"For 150km we followed in the dust of the Buggy," said Masuoka. "We tried to get passed but it was not possible. The stage was very difficult. It was narrow and twisty. We passed a Nissan, which had crashed, and we were careful to the finish."

"It was a great shame for Marc Coma in the bike category, but this proves that this race is never finished until you reach the final stage in Dakar," said MMSP’s Managing and Sporting Director Dominique Serieys. "We will stay quiet and very humble. All our drivers are safely through the stage. Our drivers are professional and know that in the interest of Mitsubishi Motors we should try all we can to reach Dakar in the same positions as we are in now."

China’s Lui Bin and Thai Pornsiriched hold 47th and 66th places in Tambacounda

Lui Bin/Serge Henninot

China’s Lui Bin and French co-driver Serge Henninot were classified 49th at the start of the 13th special stage and set the 31st fastest time into Tambacounda. The pair gained two places in the overall classification to 47th.

"We learned from the stage yesterday that these last stages are tiring and it is easy to make a mistake," said Bin. "Now I have one large stage to go and I am beginning to think that we can make it to the finish."

Frenchman Dominique Housieaux and co-driver Jean-Michel Polato began the day in 19th place in the overall standings and set the 19th fastest time.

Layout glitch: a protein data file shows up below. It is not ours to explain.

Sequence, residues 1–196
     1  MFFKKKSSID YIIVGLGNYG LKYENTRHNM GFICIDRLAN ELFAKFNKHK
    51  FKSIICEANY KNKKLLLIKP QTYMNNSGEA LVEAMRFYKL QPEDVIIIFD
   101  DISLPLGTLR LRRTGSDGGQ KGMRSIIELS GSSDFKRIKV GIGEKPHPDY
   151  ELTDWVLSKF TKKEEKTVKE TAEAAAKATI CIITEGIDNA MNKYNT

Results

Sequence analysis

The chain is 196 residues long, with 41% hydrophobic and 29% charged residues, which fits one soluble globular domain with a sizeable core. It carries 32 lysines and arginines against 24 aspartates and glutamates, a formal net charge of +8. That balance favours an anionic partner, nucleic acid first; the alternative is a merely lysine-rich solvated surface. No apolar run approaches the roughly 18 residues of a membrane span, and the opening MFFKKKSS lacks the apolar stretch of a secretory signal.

Mana Pornsiriched/Jean Brucy

Thailand’s Mana Pornsiriched and French co-driver Jean Brucy held 68th overall on the run out of Kayes and finished the stage in a fine 22nd overall. The Thai moved up to 66th place.

"The stage was very narrow," said Pornsiriched. "There were many small trees and it was easy to lose the way. Jean did a good job. He has experience of these stages from his days on a motorcycle."

Russian Leonid Novitskiy finished the special in 18th position and holds 20th overall, while Brazilian Klever Kolberg held 59th overall at the start of the day and finished the stage into Tambacounda in a superb 16th place, just over a minute behind Hiroshi Masuoka. He now holds 57th in the overall standings.

"I just wish that I could have had good stages like this one last week and during the first days on the Dakar," said Kolberg. "Then we would have been looking at a very good result. The object now is just to reach the finish."

Yaroslav Soloviev held 52nd this morning and was 47th into Tambacounda to remain in 52nd place.

"It was a very good day for the entire team," admitted team spokesman Angelo das Sujit. "We had no punctures, no damaged cars, we hit no trees and we don’t have too much work to do on the cars for tomorrow. If only every day was like that on the Dakar!"

The last of the traditional African special stages – a 225km section between Tambacounda and Dakar in Sénégal – takes place tomorrow (Saturday). The route consists of a wide range of twisty and fast roads through villages and populated areas and starts 124km to the west of Tambacounda at the town of Koumpentoum. The route heads north towards Velingara and turns west to a finish near Mbake. A 227km liaison steers teams into Dakar.